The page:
2 = Profit making services are normally more insular in their thinking, so whereas in a overall state system the richer areas cover the deficits of the poorer areas as the money comes from one big pot, in an individualistic profit making system, the richer areas will want to horde their money for their own success, meaning the poorer areas lose out.

    Another problem with profit making in ‘public good’ sectors is that the standards in profit making sectors are based on that concept that if I do not provide value for money/ a good service, the consumer has the option not to use me; however, in a sector like education, you have to go to school and your choice of schools are often quite limited, so that simply does not apply here, thereby giving far too much power to the service-provider.

  • Yes, because comparing the education industry to the mobile industry is a completely logical argument that will win over every debate – or not.

    The only people that convinces of anything are right-wingers who need any logic they can find to convince themselves they are right.

    The fact that I must have education by law, but choose to have a mobile instantly makes this argument hyperbolic and illogical.

  • Sorry, should be ‘must attend’, not have.

  • Stephen Campbell 29th Jun '14 - 1:21pm

    @Alan Jelfs: “One problem with “profit-making” schools is what happens if they make a loss – who picks up the tab then?”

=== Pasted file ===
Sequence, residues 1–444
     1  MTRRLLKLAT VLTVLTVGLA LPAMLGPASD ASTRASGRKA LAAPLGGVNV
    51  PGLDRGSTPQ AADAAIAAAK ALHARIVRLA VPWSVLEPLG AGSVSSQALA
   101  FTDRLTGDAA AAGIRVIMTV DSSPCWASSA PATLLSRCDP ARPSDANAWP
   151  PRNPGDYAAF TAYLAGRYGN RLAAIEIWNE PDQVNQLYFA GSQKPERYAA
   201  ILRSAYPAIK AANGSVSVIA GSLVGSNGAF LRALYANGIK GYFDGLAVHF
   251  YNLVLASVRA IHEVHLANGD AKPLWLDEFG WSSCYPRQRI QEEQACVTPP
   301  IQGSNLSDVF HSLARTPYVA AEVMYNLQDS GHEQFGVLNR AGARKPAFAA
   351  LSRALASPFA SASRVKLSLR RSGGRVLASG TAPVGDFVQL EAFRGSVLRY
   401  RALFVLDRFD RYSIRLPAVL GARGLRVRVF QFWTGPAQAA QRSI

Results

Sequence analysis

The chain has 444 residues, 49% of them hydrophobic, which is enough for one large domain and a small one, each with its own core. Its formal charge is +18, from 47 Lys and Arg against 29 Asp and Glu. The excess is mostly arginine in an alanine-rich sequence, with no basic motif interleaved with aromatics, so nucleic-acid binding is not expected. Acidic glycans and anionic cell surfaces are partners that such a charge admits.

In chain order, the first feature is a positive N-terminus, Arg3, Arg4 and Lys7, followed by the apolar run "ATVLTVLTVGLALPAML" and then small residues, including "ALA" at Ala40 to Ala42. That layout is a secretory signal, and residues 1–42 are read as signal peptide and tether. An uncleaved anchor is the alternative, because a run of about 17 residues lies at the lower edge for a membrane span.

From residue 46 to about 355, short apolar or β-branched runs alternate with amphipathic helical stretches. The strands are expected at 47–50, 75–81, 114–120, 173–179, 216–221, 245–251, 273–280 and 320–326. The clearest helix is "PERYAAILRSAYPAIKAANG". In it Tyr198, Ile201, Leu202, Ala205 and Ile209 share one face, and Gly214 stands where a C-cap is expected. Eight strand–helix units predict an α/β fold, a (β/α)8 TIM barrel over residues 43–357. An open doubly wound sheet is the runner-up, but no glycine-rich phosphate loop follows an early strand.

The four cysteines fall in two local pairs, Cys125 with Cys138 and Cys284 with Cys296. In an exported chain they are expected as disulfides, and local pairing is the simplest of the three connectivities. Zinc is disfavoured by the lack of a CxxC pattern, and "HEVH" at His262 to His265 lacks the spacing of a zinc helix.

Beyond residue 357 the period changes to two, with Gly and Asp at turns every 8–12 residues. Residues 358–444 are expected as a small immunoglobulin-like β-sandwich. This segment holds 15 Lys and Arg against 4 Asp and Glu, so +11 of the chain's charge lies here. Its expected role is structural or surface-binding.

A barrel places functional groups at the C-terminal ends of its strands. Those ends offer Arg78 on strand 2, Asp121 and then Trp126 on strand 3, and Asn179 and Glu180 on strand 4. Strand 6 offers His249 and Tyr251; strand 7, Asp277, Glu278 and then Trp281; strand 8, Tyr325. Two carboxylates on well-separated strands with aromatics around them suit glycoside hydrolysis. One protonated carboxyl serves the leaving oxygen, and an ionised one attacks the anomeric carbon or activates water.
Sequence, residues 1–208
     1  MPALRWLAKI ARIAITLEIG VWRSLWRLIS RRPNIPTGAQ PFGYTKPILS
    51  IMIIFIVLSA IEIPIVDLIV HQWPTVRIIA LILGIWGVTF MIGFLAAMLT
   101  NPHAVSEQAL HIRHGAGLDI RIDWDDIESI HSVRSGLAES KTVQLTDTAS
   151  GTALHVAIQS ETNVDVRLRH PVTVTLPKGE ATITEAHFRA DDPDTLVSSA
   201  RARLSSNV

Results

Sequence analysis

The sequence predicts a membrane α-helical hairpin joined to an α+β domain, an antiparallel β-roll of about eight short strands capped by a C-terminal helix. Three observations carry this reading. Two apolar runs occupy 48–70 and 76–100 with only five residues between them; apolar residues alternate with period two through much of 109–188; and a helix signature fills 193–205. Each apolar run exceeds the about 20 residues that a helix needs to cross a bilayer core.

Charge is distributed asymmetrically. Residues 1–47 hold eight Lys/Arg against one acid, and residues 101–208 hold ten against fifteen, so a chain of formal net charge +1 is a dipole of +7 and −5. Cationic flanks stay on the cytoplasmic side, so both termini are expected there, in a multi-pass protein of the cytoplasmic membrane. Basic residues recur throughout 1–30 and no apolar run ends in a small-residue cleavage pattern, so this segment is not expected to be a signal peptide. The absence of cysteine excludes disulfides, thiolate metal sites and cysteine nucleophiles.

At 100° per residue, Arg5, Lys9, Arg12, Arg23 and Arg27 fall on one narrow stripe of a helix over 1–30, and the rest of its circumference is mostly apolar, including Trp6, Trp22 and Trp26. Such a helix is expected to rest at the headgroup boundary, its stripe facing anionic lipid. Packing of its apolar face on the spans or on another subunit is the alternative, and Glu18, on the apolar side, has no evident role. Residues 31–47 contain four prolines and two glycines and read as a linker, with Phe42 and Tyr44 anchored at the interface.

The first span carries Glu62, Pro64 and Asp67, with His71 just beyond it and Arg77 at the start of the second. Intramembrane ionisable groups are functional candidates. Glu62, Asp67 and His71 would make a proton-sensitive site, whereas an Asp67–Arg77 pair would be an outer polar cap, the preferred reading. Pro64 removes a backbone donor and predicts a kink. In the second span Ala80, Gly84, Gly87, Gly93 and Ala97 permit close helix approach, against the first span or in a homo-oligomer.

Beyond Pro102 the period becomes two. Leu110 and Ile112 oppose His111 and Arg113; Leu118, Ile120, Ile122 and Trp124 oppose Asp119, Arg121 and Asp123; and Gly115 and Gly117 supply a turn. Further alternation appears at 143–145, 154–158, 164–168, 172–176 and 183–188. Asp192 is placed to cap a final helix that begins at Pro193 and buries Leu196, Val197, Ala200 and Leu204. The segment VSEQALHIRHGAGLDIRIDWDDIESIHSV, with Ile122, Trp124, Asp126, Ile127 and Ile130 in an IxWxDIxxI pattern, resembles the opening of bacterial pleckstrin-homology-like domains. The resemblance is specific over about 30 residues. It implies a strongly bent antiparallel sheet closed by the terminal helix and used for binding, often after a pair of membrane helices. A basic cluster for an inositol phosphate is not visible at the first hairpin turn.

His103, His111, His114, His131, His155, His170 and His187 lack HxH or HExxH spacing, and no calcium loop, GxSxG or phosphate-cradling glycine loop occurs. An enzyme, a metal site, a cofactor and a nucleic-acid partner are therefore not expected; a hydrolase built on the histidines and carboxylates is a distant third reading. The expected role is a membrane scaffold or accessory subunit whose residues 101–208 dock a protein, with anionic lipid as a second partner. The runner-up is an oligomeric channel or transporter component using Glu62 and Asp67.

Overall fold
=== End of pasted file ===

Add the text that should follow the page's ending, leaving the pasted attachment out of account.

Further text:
The British Taxpayer, of course! It’s how our wonderful corporate-run society operates these days: losses are socialised while profits are kept private!

  • Lon Won
    You said — “After all, yes, I’m not demanding that the manufacturers of my mobile are nationalised. Nor my barber, my grocer, my favourite novelists or the pilot of the plane which flew me to New York.”

    And what was your view of the nationalisation of the bankers’s gambling debts when they almost brought down the entire world financial system.?
    Strangely the enthusiasts for private over public always seem to forget the recent experience of the taxpayer bailing out the bankers– odd when you consider we were and still are being told that the reason for the coalition and austerity is to cope with the mess the private banks had made.

  • David Evershed 29th Jun '14 - 4:04pm

    General Practicioners are mostly private partnerships for profit within the NHS.

    It would be interesting to know if GPs in deprived areas provide a worse service than GPs in better off areas in the way that the evidence suggests is happening with private pre-schools. If so then there would be a case for nationalising GPs.

  • David, besides GPS, most working in the NHS would love to see their practices re-nationalised. It does not help that the Government was so woeful during the negotiations and gave GPs an insanely good deal.